# Examples

`LOOP`

and `IF`

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Example 1: Modulo with Let's illustrate the following Michelson instructions: `LOOP`

, `DIP`

, `DUP`

, `SWAP`

, `PUSH`

, `CMPLE`

, `IF`

, `SUB`

. The example below computes the *modulo* between two numbers (e.g. 7 % 5 = 2).

The idea is to repetitively subtract the divisor from the dividend. Once the dividend is smaller than the divisor, we have successfully computed the remainder.

The following smart contract takes a pair of integers and computes the *modulo* of these two integers (using a `LOOP`

instruction).

Now, let's simulate the execution of this snippet of code. For this example, the initial stack is initialized with 7 and 5 (in order to compute 7 % 5).

Notice that the `LOOP`

instruction stops when it is given a `False`

condition (it appears in red in the diagram below). In our example, the condition is initialized to `True`

because 7 is greater than 5 (and the *modulo* needs to be computed).

The execution of the "loop_example.tz" smart contract can be simulated with the following command:

`ITER`

and `CMPLE`

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Example 2: Maximum of a list with Let's illustrate the following Michelson instructions: `CAR`

, `CDR`

, `ITER`

, `DIP`

, `DUP`

, `DROP`

, `SWAP`

, `CMPLE`

, `IF`

, `NONE`

, `SOME`

, `IF_NONE`

, `option`

, `list`

. The following snippet of code computes the maximum of a list of integers.

The idea is to repetitively take an element from the list and compare it with the maximum computed so far. Once the list is processed, the stack contains the biggest integer of the list.

Notice that the storage stores an `option int`

. Indeed, if the given list is empty, then there is no maximum.

Notice, in red in the diagram above, that the `ITER`

instruction is called recursively on each element of the given list of integers.

If you have setup a Tezos node, you can use the tezos-client program to simulate your smart contract (max_list.tz) with the following command.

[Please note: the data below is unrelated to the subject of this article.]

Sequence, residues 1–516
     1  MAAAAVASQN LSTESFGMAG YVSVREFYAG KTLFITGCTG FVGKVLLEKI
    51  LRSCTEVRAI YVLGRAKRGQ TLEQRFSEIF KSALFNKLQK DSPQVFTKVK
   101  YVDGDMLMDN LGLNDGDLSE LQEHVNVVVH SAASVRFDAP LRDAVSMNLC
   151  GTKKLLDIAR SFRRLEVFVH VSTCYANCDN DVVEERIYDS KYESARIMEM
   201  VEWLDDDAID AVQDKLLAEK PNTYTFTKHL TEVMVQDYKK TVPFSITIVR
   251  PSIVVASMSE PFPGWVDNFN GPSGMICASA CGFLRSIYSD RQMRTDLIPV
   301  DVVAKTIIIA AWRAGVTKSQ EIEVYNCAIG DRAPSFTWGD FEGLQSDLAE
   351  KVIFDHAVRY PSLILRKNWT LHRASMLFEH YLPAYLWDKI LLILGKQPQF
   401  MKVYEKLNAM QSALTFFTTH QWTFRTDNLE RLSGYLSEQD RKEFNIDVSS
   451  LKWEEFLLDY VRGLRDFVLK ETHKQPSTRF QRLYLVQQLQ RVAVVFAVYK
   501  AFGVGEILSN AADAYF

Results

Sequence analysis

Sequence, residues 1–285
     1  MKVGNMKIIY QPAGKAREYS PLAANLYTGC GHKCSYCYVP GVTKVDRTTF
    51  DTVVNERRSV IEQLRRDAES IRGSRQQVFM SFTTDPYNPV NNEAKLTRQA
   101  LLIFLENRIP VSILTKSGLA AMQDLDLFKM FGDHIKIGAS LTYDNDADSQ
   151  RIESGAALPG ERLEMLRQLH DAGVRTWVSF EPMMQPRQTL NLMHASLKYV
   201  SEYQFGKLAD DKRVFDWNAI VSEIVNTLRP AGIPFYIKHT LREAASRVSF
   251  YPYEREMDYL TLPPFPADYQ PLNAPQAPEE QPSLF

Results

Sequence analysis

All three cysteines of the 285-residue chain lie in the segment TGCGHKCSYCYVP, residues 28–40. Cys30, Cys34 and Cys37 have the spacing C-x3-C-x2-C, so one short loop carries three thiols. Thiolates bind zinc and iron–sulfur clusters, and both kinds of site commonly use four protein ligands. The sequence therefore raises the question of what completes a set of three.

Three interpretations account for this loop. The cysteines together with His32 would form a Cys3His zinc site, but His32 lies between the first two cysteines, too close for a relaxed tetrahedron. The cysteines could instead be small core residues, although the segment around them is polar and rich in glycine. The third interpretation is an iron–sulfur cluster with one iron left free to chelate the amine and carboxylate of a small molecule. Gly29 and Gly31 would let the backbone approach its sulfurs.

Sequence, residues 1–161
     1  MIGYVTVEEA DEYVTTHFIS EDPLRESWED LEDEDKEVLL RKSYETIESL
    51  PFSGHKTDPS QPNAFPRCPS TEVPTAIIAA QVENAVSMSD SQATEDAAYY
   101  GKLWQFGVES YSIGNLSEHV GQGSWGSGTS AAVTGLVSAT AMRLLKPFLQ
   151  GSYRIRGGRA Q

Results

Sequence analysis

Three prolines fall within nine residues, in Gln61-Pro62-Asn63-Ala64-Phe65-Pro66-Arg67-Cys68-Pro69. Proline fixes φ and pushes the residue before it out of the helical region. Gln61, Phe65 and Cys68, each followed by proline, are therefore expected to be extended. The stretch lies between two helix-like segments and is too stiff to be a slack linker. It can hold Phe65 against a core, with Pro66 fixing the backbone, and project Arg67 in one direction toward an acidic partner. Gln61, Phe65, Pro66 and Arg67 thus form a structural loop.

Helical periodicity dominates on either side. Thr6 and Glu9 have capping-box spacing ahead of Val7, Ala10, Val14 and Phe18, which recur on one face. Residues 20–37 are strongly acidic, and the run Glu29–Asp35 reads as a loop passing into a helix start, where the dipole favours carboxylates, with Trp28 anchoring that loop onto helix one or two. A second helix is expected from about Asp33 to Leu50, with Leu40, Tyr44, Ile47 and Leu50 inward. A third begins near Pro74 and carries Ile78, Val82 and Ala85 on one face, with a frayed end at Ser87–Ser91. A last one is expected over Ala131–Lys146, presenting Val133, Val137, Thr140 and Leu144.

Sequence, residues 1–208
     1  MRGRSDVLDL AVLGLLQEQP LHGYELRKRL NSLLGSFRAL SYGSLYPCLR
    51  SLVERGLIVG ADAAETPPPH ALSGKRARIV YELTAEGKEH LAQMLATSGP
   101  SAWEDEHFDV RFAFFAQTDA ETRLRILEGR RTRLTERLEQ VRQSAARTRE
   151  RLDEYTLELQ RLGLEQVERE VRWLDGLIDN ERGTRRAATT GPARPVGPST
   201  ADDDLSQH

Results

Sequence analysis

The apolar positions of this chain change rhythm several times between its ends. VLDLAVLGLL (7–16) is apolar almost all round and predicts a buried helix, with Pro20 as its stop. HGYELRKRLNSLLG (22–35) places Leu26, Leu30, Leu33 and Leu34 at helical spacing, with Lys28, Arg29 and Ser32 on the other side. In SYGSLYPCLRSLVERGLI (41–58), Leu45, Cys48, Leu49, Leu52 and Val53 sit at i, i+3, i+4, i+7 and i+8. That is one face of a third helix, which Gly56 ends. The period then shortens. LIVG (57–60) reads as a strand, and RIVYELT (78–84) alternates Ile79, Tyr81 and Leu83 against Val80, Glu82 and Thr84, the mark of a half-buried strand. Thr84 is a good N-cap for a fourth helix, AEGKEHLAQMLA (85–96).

`EXEC`

and `LAMBDA`

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Example 3: Executing a lambda with Let's illustrate the following Michelson instructions: `EXEC`

, `LAMBDA`

, `SWAP`

, `PUSH`

. The following snippet of code takes an integer and increments it using a *lambda*.

The idea is to define a lambda function (which increments an integer) and execute the function. Once the function has been applied, the result is returned as a new storage state.

`LOOP_LEFT`

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Example 4: Computing a sum with The following smart contract illustrates the `LOOP_LEFT`

instruction usage. It takes an integer as the parameter and computes the sum from zero to the given integer.

Let's breakdown the execution of this smart contract. In our example, storage is only used to store the result of the execution. The diagram below shows how the sum of integers from 0 to 5 is computed.

FIGURE 4: Illustration of the `LOOP_LEFT` instruction`LOOP_LEFT`

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Example 5 : Computing a factorial with Let's illustrate the following Michelson instructions: `LOOP_LEFT`

. The following snippet of code takes an integer and computes a factorial of the given integer; the result is saved in storage.